There is a well known phrase “Perception is reality.” The meaning behind it is not that hard to grasp… reality is what you see, hear, or otherwise perceive. What’s more difficult to understand is the depths to which that affects everything we do every day.
Every person who witnesses an event sees it differently, because each person has their own perception, their own reality through which the event must be processed. The example that makes illustrates this the most clearly, I think, is when someone says something to another person, who takes it in a completely different manner than it was meant… the words mean something different in the listener’s world than they do in the speaker’s.
Each person basically has their own world, which sometimes interacts with the worlds of those around them. Any time we deal with another person, everything we do goes out from our world and into theirs. That includes words, actions, and even inaction.
All people have some overlap in their worlds, some shared perceptions, but which parts overlap change from person to person, and sometimes from day to day between the same two people. The more you know someone, and the more time you actively spend with them, the more closely your worlds tend to overlap… both worlds start altering to become more like that of the other person.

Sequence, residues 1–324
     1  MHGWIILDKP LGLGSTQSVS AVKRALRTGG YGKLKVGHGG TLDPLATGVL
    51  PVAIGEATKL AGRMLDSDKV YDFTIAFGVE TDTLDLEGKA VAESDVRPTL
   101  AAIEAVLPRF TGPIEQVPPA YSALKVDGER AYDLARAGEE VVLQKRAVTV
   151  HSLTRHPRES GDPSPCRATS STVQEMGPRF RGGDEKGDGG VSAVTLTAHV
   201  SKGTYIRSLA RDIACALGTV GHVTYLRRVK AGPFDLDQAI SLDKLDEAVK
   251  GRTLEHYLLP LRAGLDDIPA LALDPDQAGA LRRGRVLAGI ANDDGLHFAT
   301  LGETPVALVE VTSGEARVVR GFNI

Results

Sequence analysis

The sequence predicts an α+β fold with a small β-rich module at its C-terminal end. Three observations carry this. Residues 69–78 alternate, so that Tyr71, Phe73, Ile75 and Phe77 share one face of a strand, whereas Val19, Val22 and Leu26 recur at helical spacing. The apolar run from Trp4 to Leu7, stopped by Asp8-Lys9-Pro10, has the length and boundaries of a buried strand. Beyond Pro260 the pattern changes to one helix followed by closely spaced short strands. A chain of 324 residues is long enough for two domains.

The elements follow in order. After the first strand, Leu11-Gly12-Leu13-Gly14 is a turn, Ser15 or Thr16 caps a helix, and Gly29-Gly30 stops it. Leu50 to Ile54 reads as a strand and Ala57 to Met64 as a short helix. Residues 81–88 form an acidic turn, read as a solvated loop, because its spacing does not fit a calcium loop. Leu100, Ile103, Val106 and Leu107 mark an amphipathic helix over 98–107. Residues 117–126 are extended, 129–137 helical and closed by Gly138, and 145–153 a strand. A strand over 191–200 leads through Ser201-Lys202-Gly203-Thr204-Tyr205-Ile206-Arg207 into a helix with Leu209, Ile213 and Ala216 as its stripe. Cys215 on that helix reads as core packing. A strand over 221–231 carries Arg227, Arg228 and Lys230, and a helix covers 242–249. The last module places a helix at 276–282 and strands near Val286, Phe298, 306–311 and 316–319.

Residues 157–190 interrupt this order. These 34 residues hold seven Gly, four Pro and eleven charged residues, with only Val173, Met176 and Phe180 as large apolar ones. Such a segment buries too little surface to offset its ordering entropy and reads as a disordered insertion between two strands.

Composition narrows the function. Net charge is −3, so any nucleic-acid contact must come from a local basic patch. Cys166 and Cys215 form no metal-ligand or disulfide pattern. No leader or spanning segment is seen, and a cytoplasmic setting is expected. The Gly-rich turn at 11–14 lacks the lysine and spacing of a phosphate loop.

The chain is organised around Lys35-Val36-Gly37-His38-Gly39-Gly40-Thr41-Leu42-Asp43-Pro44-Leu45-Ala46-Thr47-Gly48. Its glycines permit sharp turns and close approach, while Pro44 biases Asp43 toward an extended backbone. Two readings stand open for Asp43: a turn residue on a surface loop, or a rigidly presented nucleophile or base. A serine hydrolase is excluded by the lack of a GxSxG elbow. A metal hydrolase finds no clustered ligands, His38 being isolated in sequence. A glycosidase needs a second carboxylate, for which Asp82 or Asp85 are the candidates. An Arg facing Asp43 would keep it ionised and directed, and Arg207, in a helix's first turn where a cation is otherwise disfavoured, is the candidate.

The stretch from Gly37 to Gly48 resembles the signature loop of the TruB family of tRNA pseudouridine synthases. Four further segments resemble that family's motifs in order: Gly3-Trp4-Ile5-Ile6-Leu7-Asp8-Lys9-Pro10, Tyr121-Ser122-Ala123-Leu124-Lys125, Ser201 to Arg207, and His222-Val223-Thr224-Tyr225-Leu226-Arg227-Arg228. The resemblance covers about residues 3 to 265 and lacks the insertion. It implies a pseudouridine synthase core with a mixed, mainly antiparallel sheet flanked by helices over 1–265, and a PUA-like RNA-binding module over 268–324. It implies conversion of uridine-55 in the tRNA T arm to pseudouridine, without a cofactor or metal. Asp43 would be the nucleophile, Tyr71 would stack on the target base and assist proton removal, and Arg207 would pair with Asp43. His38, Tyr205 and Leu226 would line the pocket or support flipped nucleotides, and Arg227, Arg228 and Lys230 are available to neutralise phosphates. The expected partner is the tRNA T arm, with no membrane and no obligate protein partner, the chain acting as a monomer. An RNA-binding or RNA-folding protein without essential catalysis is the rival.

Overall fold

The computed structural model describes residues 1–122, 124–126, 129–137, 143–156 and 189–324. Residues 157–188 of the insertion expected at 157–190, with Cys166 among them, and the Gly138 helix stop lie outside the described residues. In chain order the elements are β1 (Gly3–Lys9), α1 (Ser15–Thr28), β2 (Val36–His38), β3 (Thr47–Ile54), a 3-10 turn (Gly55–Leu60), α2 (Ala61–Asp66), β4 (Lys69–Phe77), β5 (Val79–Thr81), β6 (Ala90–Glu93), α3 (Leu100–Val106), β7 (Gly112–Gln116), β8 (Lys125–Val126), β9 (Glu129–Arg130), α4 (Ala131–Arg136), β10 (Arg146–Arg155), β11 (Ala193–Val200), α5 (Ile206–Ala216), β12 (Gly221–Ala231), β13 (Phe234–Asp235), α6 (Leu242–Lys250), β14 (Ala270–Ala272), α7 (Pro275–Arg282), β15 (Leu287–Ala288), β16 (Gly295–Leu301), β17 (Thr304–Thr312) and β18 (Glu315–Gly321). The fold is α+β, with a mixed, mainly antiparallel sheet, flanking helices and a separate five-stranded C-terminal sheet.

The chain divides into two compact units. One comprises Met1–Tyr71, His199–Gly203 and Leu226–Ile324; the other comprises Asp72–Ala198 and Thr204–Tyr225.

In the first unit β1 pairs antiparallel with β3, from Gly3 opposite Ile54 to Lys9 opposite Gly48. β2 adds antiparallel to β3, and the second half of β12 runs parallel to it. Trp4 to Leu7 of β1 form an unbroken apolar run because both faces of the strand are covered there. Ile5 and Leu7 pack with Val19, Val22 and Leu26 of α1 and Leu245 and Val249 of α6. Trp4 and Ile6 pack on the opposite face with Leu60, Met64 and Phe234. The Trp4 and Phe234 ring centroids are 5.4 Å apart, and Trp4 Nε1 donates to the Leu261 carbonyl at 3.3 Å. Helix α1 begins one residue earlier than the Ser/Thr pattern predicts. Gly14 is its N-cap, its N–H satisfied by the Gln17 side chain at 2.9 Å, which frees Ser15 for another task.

The amount of overlap of your worlds can also generally be described as your closeness… the more overlap you have, the closer you become, and the more you see things the same, which then reinforces the closeness.
This is true regardless of whether you like the person or not! When you spend more time around someone actively doing something with them, you will become closer to them, and more like them, like it or not.
That makes it incredibly important to be conscious of whom you are around the most. Another saying captures this very well: ”A man is known by the company he keeps.” That’s because the man (or woman) becomes more like the company he keeps.
Want to be closer to your husband or wife? Spend more time actively doing something with them. It doesn’t really matter what. While that sounds ridiculous, it’s true (arguing, however, is not something you do with someone, it’s more something you do to someone). Passive things, however, don’t require your worlds to interact, and don’t bring you closer.
Strangely enough some activities can switch from passive to active (or vice versa), even in the middle of doing them. Watching a movie is the easiest example… it may start out passive, but if both of you “connect” to the movie, it can easily become a shared, active activity. A conversation can do the same, if you capture their interest, or the opposite if you lose their interest.
Want to change something that you don’t like about yourself? Spend less time around people who share the trait, and more around people who have a trait (or traits) that you do want to pick up.
Try looking at the world like this… try to realize that every other person that you meet has their own world. It can really change the way you see things, and make you far more effective at anything involving other people. It can seriously improve your relationships, both personal and work. It can even help you to make your own world better.
Photo from Flickr